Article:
About 34 percent of young adolescents are victims of cyberbullying at some time during their lives, according to a survey of 457 middle-school students conducted by the Cyberbullying Research Center in 2015. Twenty-one percent of those responding had been bullied more than once during the preceding 30 days.
The most-common form of cyberbullying was rumors spread online, followed by hurtful online comments, the Cyberbullying Research Center reports. About 10 percent of responding students were threatened with physical harm in a text message, and another 8.3 percent were threatened online. Other types of cyberbullying included being impersonated online and having hurtful or embarrassing photos posted online.
About 90 percent of teenagers who have witnessed cyberbullying say they have ignored it, and 75 percent of teens admit to visiting a website where another child is being bullied, says DoSomething.org. Additionally, only about 10 percent of victims tell a parent or another adult when they are victims of online abuse. Cellphones are the most-common medium for online cyberbullying, and adolescent girls are about twice as likely to be cyberbullied as their male counterparts.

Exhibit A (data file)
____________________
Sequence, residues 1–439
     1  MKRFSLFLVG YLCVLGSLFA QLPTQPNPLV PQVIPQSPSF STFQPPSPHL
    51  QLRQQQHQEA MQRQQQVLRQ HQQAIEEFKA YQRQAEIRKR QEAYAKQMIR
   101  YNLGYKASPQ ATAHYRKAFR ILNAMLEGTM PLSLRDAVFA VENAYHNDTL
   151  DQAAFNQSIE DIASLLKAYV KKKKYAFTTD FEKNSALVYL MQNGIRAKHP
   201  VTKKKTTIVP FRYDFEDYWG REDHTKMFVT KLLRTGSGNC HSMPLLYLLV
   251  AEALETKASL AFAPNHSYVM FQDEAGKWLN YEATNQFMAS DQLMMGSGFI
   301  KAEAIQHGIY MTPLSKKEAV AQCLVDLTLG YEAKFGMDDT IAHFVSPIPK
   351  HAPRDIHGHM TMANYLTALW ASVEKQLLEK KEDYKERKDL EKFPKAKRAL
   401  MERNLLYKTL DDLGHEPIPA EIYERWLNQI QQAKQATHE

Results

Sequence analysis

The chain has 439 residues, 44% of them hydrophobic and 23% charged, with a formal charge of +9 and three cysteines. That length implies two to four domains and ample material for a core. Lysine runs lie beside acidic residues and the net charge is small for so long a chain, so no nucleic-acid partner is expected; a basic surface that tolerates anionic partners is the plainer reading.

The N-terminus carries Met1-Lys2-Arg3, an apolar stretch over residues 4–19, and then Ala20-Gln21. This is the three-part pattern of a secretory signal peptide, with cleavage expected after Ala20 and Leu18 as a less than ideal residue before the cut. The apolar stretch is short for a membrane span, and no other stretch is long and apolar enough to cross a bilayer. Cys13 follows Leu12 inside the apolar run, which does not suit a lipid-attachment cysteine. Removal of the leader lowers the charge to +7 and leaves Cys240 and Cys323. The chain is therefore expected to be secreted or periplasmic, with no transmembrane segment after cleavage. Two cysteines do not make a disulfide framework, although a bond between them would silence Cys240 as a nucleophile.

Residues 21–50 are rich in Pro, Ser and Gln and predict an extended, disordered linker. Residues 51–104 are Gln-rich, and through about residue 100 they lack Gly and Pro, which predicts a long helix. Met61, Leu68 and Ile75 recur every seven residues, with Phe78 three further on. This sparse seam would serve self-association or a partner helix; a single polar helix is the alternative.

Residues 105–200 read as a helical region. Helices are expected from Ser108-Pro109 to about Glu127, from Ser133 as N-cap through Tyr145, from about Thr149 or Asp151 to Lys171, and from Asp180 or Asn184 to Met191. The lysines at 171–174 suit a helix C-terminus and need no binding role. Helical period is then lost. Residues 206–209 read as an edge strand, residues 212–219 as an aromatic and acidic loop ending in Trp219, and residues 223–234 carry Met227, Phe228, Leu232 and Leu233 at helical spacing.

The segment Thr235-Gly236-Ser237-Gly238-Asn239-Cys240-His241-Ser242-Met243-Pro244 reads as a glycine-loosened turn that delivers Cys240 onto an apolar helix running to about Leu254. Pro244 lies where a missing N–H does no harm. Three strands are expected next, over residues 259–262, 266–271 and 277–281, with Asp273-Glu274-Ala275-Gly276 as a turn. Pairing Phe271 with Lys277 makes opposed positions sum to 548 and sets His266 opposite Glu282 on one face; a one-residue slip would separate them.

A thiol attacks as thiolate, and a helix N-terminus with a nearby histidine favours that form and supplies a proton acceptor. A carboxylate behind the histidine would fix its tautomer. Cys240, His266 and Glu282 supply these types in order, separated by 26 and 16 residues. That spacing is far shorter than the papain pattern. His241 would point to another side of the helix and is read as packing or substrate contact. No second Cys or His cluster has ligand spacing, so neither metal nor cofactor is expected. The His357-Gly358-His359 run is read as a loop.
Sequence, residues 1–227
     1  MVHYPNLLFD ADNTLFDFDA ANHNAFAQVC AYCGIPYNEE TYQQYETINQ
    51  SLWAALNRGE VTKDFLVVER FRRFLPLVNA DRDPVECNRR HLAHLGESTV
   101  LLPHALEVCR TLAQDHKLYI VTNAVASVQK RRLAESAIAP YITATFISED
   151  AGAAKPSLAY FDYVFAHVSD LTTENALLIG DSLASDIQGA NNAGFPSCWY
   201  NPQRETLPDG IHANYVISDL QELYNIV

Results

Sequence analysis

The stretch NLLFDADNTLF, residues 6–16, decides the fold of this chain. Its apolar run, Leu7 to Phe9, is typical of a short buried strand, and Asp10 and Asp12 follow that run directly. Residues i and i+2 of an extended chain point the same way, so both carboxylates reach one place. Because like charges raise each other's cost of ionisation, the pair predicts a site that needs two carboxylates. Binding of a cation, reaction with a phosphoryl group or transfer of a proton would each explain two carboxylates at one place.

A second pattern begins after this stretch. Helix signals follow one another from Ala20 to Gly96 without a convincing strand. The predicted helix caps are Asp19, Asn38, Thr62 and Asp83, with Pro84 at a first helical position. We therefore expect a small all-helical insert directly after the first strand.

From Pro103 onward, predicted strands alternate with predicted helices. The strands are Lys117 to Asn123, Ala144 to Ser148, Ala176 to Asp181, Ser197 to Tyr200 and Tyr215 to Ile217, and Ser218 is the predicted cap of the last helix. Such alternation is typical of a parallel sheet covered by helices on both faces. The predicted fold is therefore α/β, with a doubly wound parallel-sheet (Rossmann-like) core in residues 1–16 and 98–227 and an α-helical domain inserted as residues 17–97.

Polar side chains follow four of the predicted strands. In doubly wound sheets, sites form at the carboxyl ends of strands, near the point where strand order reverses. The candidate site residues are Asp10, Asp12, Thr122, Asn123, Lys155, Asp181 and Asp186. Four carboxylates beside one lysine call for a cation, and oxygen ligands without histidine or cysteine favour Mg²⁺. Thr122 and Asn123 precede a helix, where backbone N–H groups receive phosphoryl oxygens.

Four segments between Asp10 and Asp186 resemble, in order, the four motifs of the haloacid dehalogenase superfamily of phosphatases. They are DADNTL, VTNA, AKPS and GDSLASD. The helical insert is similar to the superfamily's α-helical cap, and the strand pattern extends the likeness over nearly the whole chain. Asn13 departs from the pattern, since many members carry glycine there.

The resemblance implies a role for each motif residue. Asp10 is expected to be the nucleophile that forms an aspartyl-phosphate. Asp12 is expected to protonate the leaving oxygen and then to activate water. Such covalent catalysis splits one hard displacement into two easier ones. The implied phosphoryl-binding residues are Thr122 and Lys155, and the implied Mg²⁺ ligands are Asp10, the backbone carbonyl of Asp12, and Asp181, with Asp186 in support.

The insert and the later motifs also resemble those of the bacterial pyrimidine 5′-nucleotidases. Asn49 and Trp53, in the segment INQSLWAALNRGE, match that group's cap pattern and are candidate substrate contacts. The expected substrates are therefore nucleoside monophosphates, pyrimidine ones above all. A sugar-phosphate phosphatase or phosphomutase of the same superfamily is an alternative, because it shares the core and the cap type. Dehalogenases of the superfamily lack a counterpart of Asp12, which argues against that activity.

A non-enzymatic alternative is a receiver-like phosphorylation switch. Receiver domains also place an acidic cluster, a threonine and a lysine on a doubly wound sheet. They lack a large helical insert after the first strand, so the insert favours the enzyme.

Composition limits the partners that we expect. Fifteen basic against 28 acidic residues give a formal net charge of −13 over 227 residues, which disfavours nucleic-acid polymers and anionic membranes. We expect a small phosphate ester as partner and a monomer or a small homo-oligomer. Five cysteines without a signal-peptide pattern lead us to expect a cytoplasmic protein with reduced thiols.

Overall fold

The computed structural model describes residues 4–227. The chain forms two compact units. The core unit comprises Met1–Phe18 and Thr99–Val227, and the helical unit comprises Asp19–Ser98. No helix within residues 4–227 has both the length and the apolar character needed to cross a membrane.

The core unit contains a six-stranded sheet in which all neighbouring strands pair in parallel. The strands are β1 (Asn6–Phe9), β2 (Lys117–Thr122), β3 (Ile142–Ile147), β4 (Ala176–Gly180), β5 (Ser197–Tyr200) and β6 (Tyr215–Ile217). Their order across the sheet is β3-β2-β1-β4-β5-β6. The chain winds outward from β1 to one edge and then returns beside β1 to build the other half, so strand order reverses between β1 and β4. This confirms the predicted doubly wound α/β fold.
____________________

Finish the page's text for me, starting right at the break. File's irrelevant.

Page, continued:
Being a victim of cyberbullying has physical, emotional and social effects, the Megan Meir Foundation reports. These include insomnia, nightmares, stomach aches, headaches and changes in eating habits, such as or binge eating or skipping meals. Anxiety, depression, difficulty concentrating and suicidal thoughts are also common, as is social withdrawal and loss of interest in school.